a.       Matin A, Collin GB, Asada Y, Varnum D, Nadeau JH. Susceptibility to testicular germ-cell tumours ina 129MOLF-Chr19 chromosome substitution strain. Nat Genet. 1999 Oct;23(2):237-40. PubMed PMID:10508525.

b.       Nadeau JH, Singer JB, Matin A, Lander ES. Analysing complex genetic traits with chromosome substitution strains. Nat Genet. 2000 Mar;24(3):221-5. PubMed PMID: 10700173.

c.       Singer JB, Hill AE, Burrage LC, Olszens KR, Song J, Justice M, O’Brien WE, Conti DV, Witte JS, Lander ES, Nadeau JH. Genetic dissection of complex traits with chromosome substitution strains of mice. Science. 2004 Apr 16;304(5669):445-8. PubMed PMID: 15031436.

d.       Shao H, Burrage LC, Sinasac DS, Hill AE, Ernest SR, O’Brien W, Courtland HW, Jepsen KJ, Kirby A, Kulbokas EJ, Daly MJ, Broman KW, Lander ES, Nadeau JH. Genetic architecture of complex traits: large phenotypic effects and pervasive epistasis. Proc Natl Acad Sci USA. 2008 Dec 16;105(50):19910-4. PubMed PMID: 19066216; PubMed Central PMCID: PMC2604967.

Genetic and dietary effects on fertilization.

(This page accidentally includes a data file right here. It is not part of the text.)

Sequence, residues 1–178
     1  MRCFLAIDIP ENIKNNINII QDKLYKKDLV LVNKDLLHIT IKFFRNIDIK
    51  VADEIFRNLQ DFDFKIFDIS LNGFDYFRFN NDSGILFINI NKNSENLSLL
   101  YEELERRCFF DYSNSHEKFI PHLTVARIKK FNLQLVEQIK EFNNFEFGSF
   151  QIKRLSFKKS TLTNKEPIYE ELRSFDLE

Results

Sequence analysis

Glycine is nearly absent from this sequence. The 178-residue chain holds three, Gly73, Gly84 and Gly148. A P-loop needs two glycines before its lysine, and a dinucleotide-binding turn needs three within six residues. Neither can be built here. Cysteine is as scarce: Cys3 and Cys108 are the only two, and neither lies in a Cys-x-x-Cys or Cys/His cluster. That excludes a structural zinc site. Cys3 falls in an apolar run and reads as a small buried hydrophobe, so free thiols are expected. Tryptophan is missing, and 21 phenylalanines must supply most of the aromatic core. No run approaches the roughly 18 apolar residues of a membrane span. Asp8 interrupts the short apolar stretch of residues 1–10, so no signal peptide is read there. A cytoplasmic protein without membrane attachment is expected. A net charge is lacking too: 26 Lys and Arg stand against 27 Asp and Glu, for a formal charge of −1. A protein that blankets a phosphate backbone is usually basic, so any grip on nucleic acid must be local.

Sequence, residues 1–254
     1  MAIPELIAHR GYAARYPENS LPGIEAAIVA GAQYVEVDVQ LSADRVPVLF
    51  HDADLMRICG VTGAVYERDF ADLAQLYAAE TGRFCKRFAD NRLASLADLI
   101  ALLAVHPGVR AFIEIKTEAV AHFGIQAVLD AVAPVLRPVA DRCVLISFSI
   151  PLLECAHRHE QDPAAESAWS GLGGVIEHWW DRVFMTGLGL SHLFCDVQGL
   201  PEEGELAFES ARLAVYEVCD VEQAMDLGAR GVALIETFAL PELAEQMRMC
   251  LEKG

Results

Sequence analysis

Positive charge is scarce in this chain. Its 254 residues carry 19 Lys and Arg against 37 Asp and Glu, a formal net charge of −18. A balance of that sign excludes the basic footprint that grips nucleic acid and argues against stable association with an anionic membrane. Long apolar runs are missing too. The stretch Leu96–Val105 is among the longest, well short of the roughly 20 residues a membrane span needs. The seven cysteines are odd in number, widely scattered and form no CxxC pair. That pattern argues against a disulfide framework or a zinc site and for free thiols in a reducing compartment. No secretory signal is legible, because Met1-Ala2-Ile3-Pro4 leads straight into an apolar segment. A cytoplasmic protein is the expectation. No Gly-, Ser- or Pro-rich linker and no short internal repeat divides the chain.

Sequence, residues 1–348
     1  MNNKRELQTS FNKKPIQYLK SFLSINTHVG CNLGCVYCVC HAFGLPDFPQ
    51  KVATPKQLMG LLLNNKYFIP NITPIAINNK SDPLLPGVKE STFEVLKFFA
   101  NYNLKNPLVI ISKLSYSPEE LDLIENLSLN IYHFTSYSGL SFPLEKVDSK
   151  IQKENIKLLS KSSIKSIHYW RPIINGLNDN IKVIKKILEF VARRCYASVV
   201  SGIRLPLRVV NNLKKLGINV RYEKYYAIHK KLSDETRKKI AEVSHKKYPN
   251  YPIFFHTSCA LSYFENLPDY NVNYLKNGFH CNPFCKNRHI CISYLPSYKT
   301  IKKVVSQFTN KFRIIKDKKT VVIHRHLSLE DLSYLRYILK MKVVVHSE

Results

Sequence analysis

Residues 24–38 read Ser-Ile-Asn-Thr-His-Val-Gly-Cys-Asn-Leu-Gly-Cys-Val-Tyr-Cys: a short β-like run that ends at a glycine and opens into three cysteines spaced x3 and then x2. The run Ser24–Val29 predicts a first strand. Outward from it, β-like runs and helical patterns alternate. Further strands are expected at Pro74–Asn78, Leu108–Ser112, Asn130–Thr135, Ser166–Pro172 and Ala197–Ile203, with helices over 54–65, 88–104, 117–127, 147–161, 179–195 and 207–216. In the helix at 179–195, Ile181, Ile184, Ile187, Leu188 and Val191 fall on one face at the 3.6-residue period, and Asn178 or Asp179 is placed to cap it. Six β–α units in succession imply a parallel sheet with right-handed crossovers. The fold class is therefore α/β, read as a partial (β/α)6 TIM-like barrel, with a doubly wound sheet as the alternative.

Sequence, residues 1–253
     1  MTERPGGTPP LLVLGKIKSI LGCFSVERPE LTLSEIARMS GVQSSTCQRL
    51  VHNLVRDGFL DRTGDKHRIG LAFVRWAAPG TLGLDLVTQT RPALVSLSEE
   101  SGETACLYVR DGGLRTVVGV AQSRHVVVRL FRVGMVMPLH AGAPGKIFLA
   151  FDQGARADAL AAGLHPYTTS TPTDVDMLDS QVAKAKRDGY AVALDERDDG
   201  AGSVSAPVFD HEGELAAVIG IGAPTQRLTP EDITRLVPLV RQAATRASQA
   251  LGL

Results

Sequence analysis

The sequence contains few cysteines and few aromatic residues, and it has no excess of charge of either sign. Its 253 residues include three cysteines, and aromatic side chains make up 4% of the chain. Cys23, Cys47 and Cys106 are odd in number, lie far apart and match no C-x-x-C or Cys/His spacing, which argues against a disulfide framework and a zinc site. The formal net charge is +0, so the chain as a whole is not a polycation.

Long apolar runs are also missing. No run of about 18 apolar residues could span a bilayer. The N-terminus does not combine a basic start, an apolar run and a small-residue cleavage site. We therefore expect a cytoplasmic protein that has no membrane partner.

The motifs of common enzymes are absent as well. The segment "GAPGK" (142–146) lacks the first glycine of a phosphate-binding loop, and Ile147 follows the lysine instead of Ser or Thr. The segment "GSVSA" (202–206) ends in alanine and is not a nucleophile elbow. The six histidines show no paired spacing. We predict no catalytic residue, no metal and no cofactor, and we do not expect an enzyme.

During work on diet effects on mouse models of neural tube defects as well as on genetic effects of RNA-editing genes on TGCTs, we discovered strong evidence that both dietary and genetic factors control the identity of sperm and egg that join at fertilization (Nelson, 2012; Zechel, 2013; Nakouzi, 2014). In various publications, we and others attributed strong departures from Mendelian expectations to embryonic lethality (Gray, 2010). My student and I later realized that litter sizes were normal rather than significantly reduced as expected if embryonic lethality contributed to these non-Mendelian ratios. With normal litter sizes, genetically biased fertilization is a better explanation than embryonic lethality. Remarkably, the prediction for litter size is rarely tested and as a result studies are often misinterpreted. Reanalysis of the published literature revealed other examples of both diet (folate) effects as well as for Apobec1 and related RNA binding proteins that act during gametogenesis. We proposed that functional dependency between folate and polyamine metabolism is the underlying molecular and epigenetic mechanism, a hypothesis that we now seek to test. Polyamines are involved in the genetics and biology of haploid gametes as well as in transcription, translation and epigenetic controls in somatic and germ cells. Our discovery raises the possibility that folate supplementation in humans may reduce occurrence of NTDs by biasing fertilization away from combinations that lead to NTDs, rather than by correcting a developmental problem. The public health implications are obvious. Biased fertilization violates Mendel’s First Law and provides unique opportunities to study the genetics of fertilization.